The Mozambique Army defends the nation’s sovereignty and integrity and defends its citizens against armed aggression. The Army may also assist the police to restore order during domestic emergencies. Because Mozambique faces no threat from its neighbors, the army focuses on support to civil authorities, primarily through humanitarian assistance and infrastructure development.
The Mozambique Army is believed to have the following units:
- 7 infantry battalions
- 3 Special Forces battalions
- 1 multiple rocket launcher battalion
- 2 artillery battalions
- 2 engineer battalions
- 1 logistics battalion
The army’s vehicle inventory suggests that it has mechanized units, but equipment readiness levels are very low, and those units are probably not mission capable.
Army headquarters is located in Maputo. Units are stationed throughout the country, with major garrisons located in the provincial capitals. The military academy is located in Nampula, and recruit training centers are in Manhica and Montepuez. A new peacekeeping training center was constructed at Moamba.
The Army Chief of Staff is a Major General. Military service is compulsory, but only 1,000 Mozambicans are drafted annually. Soldiers suffer from poor living conditions, with inadequate housing and medical treatment, low pay, and food and water shortages. As a result, many Mozambicans refuse to register for the draft. The Army’s high attrition rate and limited recruiting have resulted in a grossly top-heavy rank structure. While the GPA directed an equal representation of former government and rebel forces, government loyalists continue to dominate the leadership, rank and file. Partisanship and distrust characterize an army the GPA designed to symbolize national reconciliation.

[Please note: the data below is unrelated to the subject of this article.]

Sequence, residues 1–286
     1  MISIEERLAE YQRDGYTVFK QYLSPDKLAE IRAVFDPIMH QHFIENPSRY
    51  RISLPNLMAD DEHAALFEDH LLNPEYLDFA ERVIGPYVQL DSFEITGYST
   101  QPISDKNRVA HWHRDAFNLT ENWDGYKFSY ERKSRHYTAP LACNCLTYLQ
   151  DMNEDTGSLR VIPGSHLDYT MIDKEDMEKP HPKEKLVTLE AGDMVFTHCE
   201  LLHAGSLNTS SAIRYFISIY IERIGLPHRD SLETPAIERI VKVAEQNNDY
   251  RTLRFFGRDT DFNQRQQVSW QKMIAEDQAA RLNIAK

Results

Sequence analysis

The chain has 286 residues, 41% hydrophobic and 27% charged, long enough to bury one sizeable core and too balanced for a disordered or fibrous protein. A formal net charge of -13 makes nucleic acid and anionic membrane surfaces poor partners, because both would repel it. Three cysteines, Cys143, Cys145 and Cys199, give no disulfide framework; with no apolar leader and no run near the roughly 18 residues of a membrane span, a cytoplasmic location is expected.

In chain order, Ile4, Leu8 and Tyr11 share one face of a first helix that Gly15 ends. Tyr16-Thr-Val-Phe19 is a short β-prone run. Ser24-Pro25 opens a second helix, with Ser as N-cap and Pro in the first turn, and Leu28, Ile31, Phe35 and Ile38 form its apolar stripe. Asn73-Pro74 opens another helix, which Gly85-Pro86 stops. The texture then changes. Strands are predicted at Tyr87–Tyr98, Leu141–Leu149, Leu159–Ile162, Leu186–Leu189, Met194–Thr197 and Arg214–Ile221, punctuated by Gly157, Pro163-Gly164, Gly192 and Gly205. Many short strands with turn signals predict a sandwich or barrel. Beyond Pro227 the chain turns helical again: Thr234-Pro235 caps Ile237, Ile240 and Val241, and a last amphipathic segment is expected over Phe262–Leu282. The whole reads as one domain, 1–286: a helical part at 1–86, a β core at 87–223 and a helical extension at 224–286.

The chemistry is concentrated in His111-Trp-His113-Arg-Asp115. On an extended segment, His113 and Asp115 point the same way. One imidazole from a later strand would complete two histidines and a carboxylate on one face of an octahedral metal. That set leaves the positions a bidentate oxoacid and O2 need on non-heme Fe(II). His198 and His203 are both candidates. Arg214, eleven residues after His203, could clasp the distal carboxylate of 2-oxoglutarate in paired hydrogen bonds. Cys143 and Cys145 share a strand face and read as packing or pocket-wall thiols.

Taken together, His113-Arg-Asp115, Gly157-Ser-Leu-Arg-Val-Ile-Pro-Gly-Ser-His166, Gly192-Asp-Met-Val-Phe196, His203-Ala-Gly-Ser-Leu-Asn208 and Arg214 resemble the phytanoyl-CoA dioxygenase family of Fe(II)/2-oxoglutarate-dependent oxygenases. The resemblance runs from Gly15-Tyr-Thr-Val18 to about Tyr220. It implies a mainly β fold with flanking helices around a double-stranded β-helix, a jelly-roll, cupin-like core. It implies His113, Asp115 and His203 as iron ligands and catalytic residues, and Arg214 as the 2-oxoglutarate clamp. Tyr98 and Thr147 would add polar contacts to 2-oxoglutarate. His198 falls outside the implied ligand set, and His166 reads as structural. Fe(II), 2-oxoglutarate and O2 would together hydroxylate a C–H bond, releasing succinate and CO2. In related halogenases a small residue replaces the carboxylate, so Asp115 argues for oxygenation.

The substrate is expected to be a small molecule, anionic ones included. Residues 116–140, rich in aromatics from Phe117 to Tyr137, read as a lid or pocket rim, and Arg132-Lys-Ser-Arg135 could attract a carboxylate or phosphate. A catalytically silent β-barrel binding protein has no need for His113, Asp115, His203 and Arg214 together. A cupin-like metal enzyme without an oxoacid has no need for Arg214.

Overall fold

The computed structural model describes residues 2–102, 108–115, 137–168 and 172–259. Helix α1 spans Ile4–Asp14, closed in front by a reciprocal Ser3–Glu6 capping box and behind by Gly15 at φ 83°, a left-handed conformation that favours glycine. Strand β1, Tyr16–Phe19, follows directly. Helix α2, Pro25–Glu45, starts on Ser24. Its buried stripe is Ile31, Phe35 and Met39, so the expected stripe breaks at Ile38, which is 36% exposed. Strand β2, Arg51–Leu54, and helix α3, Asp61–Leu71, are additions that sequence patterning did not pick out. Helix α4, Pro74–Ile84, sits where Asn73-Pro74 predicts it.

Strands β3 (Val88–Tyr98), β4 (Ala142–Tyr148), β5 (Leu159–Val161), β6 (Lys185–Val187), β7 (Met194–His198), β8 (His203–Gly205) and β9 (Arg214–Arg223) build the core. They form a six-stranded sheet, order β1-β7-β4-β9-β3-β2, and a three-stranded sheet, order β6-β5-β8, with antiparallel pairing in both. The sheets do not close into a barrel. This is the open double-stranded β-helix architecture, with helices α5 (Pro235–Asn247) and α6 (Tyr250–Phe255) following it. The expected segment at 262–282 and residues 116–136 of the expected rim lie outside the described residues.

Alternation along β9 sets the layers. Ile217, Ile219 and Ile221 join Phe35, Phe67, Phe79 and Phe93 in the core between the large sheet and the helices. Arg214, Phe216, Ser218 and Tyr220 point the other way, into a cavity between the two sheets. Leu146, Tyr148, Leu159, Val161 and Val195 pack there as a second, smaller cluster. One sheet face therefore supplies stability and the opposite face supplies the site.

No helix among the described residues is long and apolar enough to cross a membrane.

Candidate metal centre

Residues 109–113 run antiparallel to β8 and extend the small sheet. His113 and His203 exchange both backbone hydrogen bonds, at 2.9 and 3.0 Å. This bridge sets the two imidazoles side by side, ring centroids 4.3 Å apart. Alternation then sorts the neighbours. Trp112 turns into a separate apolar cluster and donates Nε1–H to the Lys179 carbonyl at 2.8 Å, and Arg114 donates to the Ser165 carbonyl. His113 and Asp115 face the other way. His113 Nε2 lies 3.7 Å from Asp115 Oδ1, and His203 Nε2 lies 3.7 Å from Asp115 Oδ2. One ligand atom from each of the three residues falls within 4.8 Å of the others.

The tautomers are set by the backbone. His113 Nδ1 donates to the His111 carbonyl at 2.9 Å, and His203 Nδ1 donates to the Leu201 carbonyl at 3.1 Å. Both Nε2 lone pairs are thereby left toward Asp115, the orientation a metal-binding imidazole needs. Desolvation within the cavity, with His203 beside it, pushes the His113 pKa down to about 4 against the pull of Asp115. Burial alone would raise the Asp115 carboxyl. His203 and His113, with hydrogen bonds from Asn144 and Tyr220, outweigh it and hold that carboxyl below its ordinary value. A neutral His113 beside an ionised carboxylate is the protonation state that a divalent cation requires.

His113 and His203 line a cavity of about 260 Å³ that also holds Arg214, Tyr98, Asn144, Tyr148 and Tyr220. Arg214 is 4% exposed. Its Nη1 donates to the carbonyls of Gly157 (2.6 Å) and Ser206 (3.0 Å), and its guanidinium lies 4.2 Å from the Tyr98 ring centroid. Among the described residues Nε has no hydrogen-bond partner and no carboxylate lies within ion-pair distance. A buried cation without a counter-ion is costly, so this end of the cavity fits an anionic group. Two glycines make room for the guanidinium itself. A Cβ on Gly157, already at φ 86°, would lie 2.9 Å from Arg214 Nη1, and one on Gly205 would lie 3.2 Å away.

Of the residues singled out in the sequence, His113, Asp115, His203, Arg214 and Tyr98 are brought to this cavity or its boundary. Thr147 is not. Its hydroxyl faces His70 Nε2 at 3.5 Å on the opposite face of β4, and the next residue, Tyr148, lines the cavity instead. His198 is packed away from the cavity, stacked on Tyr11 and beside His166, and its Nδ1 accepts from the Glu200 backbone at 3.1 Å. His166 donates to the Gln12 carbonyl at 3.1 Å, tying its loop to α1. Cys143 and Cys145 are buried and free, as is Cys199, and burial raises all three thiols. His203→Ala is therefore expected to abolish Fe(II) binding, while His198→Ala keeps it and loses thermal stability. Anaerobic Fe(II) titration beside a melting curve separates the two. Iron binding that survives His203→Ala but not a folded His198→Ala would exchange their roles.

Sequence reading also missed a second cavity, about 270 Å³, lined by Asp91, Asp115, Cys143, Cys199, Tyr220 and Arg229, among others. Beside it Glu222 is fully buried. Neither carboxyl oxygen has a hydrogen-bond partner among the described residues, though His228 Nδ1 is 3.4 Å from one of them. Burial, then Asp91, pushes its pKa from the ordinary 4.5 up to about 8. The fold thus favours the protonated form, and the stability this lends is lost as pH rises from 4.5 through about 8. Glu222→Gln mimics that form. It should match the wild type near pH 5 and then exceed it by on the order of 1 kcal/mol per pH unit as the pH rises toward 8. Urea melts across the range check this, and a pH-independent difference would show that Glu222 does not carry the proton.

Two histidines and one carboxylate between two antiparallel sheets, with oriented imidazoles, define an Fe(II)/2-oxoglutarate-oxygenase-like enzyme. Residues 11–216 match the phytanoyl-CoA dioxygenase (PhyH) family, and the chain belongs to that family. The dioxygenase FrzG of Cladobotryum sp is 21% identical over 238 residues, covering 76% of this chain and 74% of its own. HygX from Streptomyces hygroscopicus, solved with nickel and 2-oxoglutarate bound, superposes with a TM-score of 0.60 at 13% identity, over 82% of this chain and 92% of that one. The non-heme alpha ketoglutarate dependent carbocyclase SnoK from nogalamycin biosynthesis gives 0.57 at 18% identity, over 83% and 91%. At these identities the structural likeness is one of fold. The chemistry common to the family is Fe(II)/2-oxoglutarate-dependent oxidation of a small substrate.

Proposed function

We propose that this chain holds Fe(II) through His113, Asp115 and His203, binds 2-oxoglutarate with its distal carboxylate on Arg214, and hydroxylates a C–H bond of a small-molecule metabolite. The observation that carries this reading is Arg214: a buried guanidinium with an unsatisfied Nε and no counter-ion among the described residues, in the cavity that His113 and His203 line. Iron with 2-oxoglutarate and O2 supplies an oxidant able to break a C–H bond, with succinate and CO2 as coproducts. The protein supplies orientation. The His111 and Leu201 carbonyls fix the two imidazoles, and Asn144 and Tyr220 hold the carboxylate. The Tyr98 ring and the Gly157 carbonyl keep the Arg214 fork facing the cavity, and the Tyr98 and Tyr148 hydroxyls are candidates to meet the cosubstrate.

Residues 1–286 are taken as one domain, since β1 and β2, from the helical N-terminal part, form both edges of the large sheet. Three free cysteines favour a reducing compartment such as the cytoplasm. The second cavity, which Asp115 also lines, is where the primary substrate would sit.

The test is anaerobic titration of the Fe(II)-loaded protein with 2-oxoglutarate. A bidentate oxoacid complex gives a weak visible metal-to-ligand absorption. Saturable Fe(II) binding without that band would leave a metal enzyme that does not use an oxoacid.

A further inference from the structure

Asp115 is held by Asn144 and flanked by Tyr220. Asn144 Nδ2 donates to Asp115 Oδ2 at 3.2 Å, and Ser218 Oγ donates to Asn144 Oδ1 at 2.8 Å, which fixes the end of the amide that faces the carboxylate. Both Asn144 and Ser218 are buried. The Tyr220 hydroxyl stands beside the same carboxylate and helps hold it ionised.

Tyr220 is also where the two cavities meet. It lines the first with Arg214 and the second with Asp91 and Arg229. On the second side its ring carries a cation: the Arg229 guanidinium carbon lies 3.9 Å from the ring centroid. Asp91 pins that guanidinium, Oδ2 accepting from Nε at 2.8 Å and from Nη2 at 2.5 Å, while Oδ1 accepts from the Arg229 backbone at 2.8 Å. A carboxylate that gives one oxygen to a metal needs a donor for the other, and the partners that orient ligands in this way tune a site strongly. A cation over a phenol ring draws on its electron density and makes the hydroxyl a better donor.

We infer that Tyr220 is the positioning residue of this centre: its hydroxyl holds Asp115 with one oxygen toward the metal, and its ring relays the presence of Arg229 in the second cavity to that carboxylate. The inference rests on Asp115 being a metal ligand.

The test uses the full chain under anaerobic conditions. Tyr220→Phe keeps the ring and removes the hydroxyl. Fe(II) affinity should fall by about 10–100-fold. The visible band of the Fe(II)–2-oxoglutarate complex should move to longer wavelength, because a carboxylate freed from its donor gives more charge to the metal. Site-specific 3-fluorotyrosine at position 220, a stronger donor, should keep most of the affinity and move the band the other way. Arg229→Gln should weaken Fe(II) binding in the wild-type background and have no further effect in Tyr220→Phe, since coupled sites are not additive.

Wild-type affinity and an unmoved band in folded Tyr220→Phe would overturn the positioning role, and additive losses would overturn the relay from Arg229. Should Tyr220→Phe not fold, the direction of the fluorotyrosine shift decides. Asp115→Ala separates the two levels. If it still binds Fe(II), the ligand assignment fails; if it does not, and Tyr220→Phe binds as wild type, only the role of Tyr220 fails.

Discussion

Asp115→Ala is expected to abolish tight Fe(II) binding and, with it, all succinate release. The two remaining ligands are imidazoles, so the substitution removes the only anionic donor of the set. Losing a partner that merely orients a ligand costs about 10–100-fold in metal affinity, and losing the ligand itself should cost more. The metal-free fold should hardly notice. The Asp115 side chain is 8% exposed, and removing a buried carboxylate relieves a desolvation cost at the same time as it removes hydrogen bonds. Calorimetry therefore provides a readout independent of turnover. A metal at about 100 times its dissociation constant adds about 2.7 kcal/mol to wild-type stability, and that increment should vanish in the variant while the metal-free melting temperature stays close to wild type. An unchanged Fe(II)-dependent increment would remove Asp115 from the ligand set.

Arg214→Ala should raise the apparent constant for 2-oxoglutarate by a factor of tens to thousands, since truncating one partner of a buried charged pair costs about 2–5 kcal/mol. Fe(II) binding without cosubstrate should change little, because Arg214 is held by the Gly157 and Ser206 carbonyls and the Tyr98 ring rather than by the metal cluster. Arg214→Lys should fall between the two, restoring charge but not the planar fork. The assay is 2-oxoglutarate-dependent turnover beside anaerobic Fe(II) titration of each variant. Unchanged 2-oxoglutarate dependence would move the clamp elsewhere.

The army has no capable doctrine. After undergoing major transitions from a people’s liberation army to a conventional force patronized by the East, then the West, the army has incorporated former adversaries with diverse experiences and capabilities. Operating without a realistic threat; lacking funding, training, and equipment and serving a nation more in need of development and humanitarian assistance than war-fighting skills, the Army focuses on support to civilian authorities and conducts few military operations.
Initial entry training is conducted at Montepuez and Manhica military training centers. Once soldiers graduate, they are put to work in humanitarian and infrastructure development tasks and seldom train again. Officers attend the Samora Machel Military Academy in Nampula for 4 years. Officers and noncommissioned officers have more opportunities to train in foreign schools than the few soldiers they lead.
Equipment shortages and low readiness rates severely affect army capabilities. The Mozambique Army is largely a dismounted force with limited support from other branch.
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